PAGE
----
In 1977, he was a founder/incorporator of the American Indian Science and Engineering Society, Inc. The society pursues further Native American involvement in the sciences. He is the founder and CEO of High Eagle Technologies, Inc., a Native company dedicated to cancer research and treatment with patented technology he was awarded in 2019.
Jerry enjoys playing the guitar and Indian flute. His music compositions have led to him to performing with the National Symphony Orchestra in Washington, D.C. He has also played a role in the film Houston, We’ve Got a Problem, where he played himself, along with appearances on the television show Walker, Texas Ranger.

Dr. Belin Tsinnajinnie

Dr. Belin TsinnajinnieSanta Fe Community College
Belin Tsinnajinnie (he/him) is Diné and Filipinx from Na’ Neelzhiin, New Mexico. Belin received his PhD in Mathematics at the University of Arizona with a doctoral thesis focused on notions of mathematical identity in the context of Indigenous and Latinx students. He is a Full-time Faculty in the Mathematics Department here at SFCC. Belin is interested in identifying and articulating issues pertaining social justice and equity in mathematics education through Indigenous perspectives.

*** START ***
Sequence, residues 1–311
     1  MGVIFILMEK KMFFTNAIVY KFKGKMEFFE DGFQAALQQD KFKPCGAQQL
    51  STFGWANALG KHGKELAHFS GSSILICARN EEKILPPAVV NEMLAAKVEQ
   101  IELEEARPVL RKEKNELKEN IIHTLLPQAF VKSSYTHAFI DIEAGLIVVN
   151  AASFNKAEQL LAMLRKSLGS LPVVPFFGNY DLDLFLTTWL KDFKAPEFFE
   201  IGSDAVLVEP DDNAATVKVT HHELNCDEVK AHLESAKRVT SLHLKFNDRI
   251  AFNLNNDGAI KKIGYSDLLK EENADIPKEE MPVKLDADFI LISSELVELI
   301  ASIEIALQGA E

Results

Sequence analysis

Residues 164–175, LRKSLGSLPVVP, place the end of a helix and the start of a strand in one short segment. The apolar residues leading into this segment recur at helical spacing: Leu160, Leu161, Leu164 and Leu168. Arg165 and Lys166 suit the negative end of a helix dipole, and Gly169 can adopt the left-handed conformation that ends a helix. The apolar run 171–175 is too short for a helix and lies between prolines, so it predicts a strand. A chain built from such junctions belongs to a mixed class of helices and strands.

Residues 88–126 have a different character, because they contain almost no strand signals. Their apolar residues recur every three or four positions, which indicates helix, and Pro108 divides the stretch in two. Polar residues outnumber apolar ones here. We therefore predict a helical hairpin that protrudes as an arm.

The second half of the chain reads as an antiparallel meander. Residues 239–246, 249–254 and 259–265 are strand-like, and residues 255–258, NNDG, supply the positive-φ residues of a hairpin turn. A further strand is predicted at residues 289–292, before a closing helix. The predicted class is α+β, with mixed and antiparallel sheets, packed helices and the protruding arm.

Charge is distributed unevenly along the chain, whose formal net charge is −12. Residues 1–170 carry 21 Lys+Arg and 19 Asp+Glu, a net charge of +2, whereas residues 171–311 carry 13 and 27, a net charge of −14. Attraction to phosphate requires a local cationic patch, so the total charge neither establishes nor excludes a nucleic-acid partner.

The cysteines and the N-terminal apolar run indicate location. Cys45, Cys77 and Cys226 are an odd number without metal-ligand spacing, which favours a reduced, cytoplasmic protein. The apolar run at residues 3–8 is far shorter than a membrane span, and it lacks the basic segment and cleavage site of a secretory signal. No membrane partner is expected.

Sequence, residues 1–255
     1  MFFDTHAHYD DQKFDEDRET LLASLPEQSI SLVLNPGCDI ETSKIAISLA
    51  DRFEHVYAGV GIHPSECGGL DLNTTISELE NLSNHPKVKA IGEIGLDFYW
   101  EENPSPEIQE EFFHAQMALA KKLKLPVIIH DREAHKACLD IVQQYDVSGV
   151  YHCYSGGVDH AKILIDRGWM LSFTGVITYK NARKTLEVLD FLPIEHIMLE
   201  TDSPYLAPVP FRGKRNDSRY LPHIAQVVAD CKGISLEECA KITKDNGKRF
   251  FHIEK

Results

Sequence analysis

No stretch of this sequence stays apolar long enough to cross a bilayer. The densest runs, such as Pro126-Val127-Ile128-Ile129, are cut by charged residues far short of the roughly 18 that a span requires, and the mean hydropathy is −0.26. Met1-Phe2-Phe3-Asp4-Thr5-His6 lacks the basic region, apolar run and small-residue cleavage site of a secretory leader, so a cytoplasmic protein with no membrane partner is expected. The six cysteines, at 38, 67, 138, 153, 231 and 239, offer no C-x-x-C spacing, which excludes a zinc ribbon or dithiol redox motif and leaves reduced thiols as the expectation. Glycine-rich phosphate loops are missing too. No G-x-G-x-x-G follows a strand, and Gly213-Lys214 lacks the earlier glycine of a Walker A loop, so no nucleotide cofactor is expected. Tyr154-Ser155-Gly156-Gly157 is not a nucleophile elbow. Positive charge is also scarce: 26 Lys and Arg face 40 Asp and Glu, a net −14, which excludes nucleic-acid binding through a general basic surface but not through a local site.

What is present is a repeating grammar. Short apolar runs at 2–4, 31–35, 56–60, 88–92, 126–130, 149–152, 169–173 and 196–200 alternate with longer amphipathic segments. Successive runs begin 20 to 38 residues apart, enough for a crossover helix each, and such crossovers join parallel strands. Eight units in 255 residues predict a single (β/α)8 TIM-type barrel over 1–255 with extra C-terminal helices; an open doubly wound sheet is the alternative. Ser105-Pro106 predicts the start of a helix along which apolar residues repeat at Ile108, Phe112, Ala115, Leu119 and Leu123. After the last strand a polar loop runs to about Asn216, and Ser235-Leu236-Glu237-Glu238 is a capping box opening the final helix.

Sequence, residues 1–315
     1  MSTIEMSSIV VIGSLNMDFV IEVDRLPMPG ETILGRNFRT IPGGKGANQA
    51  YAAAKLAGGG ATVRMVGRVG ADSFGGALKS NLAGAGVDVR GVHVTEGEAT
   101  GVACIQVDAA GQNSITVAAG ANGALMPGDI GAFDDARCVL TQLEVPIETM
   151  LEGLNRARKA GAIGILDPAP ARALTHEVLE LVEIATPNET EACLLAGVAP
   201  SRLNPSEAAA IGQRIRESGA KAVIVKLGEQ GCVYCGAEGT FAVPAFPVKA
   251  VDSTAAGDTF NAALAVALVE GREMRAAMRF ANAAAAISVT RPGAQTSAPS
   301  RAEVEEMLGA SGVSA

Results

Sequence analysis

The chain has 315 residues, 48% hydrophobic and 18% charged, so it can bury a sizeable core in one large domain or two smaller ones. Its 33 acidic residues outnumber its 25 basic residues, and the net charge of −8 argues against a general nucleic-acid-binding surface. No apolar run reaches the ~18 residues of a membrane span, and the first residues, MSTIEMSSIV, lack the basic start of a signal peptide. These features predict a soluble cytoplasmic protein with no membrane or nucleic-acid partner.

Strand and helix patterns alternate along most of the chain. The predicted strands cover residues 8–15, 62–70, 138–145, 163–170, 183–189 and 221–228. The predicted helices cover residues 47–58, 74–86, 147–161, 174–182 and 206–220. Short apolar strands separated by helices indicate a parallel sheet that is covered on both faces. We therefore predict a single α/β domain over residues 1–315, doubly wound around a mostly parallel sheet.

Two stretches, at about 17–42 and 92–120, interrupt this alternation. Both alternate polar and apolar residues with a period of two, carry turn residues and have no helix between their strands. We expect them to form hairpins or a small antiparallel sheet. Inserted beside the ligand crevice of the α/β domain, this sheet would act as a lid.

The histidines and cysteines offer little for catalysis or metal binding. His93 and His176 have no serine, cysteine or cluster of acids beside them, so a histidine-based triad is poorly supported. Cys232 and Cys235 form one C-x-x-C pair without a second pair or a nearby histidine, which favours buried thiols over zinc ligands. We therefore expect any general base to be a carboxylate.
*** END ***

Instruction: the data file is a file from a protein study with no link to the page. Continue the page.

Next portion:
William Yslas Vélez

William Yslas VelezUniversity of Arizona
William Yslas Vélez is a University of Arizona Distinguished Professor Emeritus, and an Elected Fellow of the American Association for the Advancement of Science. From 1994–96, Vélez served as the president of Society for the Advancement of Chicanos/Hispanics and Native Americans in Science (SACNAS). He also worked with the US Navy on communication systems for submarines, and holds four patents on this work.